On the other hand, the ICANN does not have the same authority over country code top level domains or ccTLD’s, e.g. .ph for the Philippines, .au for Australia and .uk for the United Kingdom. These top level domain names are assigned by the Internet Assigned Numbers Authority or the IANA to countries. The IANA is operated by the ICANN. The ccTLD for the Philippines is .ph and it is being managed by the PH Domain Foundation. The ICANN has no power to accredit ccTLD names registrars and it has no control over ccTLD names registration. The respective countries, through their designated country code managers, are the ones who govern the rules and policies governing the registration of ccTLD names. Countries may impose special requirements in ccTLD names registration, like the citizenship of the registrant, and the ICANN has no authority over particular rules to a certain ccTLD. Thus, registration of domain names like iplaw.ph are beyond the management of the ICANN.


The ICANN maintains the WHOIS service. The WHOIS is a publicly accessible online database relating to domain name registration. It is available at http://www.internic.net/whois.html. The WHOIS contains information on a registered domain name and the name and contact information of its registrant. It comprises of information gathered from all ICANN-accredited registrars across the world. The WHOIS was created to foster accountability in domain name registration. It allows for the enforcement of trademark and other laws that may have been impinged by the registration of domain names.


To further fulfill its function, the ICANN adopted the Uniform Domain Name Dispute Resolution Policy or UDRP to resolve conflicts relating to domain name registration. A domain name registrant of an ICANN-accredited registrar must agree to be bound by the UDRP. The UDRP provides certain remedies by which issues concerning domain names may be resolved. Domain name disputes may be resolved by agreement of the parties, arbitration, administrative proceeding or court action. The most noteworthy of the remedies is the mandatory administrative proceeding, because the UDRP directly provides for the process of this dispute-resolution mechanism.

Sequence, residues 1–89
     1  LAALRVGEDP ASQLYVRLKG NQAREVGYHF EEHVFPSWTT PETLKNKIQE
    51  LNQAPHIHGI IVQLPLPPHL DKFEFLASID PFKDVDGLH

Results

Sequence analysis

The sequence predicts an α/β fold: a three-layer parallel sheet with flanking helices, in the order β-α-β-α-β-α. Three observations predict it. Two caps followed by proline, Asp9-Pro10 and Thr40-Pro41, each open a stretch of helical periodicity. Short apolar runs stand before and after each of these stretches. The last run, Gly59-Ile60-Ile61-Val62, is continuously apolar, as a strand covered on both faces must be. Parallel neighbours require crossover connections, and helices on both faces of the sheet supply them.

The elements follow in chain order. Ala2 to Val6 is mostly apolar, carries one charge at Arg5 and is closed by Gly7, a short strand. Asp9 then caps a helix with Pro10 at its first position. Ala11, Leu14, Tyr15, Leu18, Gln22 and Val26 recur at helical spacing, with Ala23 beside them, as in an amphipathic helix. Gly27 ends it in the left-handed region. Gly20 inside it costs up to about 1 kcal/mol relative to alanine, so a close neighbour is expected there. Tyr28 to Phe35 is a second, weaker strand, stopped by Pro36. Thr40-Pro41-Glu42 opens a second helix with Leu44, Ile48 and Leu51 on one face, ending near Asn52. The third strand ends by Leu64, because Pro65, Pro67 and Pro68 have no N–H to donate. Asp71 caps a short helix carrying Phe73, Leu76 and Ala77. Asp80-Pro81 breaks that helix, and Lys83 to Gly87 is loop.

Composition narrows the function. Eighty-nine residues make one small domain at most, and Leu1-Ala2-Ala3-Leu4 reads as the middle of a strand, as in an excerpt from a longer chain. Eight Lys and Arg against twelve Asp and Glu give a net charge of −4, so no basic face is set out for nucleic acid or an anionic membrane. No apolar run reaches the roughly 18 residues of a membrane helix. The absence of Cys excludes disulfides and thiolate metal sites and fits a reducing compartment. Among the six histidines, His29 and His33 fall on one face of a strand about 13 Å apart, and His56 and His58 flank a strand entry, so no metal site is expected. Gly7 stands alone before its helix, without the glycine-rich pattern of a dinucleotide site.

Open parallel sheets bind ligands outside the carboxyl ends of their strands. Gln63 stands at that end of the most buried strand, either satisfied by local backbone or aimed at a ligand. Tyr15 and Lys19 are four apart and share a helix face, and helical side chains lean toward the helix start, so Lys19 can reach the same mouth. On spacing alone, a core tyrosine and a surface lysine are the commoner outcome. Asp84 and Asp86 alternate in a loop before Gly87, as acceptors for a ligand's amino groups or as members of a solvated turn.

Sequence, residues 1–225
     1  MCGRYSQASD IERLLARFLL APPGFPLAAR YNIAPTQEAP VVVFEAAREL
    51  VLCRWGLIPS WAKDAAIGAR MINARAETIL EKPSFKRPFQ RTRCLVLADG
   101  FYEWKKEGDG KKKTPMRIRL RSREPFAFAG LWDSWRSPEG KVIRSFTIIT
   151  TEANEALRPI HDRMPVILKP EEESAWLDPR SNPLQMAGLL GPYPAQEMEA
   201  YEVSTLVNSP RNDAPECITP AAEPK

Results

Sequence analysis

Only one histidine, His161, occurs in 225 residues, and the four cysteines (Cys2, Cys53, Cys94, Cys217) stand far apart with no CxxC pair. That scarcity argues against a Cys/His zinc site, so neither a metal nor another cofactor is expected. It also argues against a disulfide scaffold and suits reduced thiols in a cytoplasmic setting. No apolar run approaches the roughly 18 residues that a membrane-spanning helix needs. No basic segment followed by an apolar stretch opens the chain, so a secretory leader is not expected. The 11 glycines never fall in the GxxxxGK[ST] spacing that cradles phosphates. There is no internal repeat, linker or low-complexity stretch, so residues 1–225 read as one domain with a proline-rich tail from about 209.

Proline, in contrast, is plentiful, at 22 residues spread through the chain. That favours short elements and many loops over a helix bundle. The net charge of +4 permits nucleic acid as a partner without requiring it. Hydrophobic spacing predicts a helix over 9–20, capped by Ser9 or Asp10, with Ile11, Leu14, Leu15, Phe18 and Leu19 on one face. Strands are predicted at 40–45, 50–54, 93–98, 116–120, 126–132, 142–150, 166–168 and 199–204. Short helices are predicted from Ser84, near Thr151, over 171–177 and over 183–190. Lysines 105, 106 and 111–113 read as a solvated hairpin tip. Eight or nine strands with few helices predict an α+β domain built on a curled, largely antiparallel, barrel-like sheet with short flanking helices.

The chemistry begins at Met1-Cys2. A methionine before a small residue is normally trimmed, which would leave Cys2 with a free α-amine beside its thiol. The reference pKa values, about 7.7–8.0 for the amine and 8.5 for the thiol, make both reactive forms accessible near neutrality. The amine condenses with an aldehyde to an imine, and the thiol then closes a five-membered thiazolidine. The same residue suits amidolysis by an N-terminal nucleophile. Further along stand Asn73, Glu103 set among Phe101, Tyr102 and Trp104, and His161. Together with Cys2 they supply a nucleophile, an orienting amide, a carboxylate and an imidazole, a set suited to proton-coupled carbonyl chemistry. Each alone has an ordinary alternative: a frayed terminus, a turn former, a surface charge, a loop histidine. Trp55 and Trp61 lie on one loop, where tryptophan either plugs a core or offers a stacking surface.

Recent Developments

Since 1995, the ICANN has been facing the issue of reforming the WHOIS database. Because the names and contact information of domain name registrants are publicly available on WHOIS, it became a reference for spamming, identity theft and other similar abuses on the Internet. Advocates for its reform want to increase privacy and security in the WHOIS. However, such a move will affect, if not totally render inoperative, the purpose of the database, which is to identify registrants of domain name and to hold them accountable in cases of law violations. This is a delicate balance that ICANN is striving to achieve. As of the last quarter of 2007, the ICANN decided to maintain the status quo to conduct further studies on the matter.

On a more technical note, the Philippines recently hosted the summit on the Internet Protocol version 6 or IPv6 summit which sought to accelerate the adoption of a 128-bit IP address from the current 32 bits of IPv4. Because of the Internet’s exponential growth in the recent years, the 32-bit IPv4 is fast running out of space for addresses or domain names and other Internet applications. The IPv6 summit hopes to address this concern, to make the Internet more secure and reliable.